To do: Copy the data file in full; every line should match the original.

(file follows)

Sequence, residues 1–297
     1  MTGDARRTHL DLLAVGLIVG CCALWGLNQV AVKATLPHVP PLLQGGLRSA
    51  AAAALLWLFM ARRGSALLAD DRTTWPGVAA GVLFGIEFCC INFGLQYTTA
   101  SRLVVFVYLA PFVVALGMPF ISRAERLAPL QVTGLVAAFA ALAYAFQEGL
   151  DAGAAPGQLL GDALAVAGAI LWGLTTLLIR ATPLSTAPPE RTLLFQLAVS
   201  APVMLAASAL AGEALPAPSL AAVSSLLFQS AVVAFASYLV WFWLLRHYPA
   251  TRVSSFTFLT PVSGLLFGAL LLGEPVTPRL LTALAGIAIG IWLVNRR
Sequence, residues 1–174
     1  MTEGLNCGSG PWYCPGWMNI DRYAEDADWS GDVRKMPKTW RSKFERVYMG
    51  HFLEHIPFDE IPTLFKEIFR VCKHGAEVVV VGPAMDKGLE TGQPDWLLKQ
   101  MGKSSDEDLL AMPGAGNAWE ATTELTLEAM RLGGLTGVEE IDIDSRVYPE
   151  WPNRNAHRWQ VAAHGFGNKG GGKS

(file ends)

Sequence, residues 1–297
     1  MTGDARRTHL DLLAVGLIVG CCALWGLNQV AVKATLPHVP PLLQGGLRSA
    51  AAAALLWLFM ARRGSALLAD DRTTWPGVAA GVLFGIEFCC INFGLQYTTA
   101  SRLVVFVYLA PFVVALGMPF ISRAERLAPL QVTGLVAAFA ALAYAFQEGL
   151  DAGAAPGQLL GDALAVAGAI LWGLTTLLIR ATPLSTAPPE RTLLFQLAVS
   201  APVMLAASAL AGEALPAPSL AAVSSLLFQS AVVAFASYLV WFWLLRHYPA
   251  TRVSSFTFLT PVSGLLFGAL LLGEPVTPRL LTALAGIAIG IWLVNRR
Sequence, residues 1–174
     1  MTEGLNCGSG PWYCPGWMNI DRYAEDADWS GDVRKMPKTW RSKFERVYMG
    51  HFLEHIPFDE IPTLFKEIFR VCKHGAEVVV VGPAMDKGLE TGQPDWLLKQ
   101  MGKSSDEDLL AMPGAGNAWE ATTELTLEAM RLGGLTGVEE IDIDSRVYPE
   151  WPNRNAHRWQ VAAHGFGNKG GGKS